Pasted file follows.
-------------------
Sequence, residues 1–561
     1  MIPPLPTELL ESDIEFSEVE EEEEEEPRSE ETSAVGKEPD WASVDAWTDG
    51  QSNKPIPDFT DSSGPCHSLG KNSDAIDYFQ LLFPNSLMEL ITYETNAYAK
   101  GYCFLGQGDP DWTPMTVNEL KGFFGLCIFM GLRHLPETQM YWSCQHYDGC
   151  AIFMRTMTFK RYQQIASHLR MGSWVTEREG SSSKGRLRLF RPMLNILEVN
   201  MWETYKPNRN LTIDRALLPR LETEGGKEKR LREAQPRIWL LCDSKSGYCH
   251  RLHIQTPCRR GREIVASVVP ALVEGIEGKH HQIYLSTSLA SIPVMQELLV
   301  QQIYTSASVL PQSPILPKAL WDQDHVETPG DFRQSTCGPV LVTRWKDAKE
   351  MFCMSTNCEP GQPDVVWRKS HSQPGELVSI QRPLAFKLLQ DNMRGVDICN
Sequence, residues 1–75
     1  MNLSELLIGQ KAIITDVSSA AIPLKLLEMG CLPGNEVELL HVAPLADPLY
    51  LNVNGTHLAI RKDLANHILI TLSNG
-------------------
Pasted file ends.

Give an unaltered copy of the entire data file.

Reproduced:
Sequence, residues 1–561
     1  MIPPLPTELL ESDIEFSEVE EEEEEEPRSE ETSAVGKEPD WASVDAWTDG
    51  QSNKPIPDFT DSSGPCHSLG KNSDAIDYFQ LLFPNSLMEL ITYETNAYAK
   101  GYCFLGQGDP DWTPMTVNEL KGFFGLCIFM GLRHLPETQM YWSCQHYDGC
   151  AIFMRTMTFK RYQQIASHLR MGSWVTEREG SSSKGRLRLF RPMLNILEVN
   201  MWETYKPNRN LTIDRALLPR LETEGGKEKR LREAQPRIWL LCDSKSGYCH
   251  RLHIQTPCRR GREIVASVVP ALVEGIEGKH HQIYLSTSLA SIPVMQELLV
   301  QQIYTSASVL PQSPILPKAL WDQDHVETPG DFRQSTCGPV LVTRWKDAKE
   351  MFCMSTNCEP GQPDVVWRKS HSQPGELVSI QRPLAFKLLQ DNMRGVDICN
Sequence, residues 1–75
     1  MNLSELLIGQ KAIITDVSSA AIPLKLLEMG CLPGNEVELL HVAPLADPLY
    51  LNVNGTHLAI RKDLANHILI TLSNG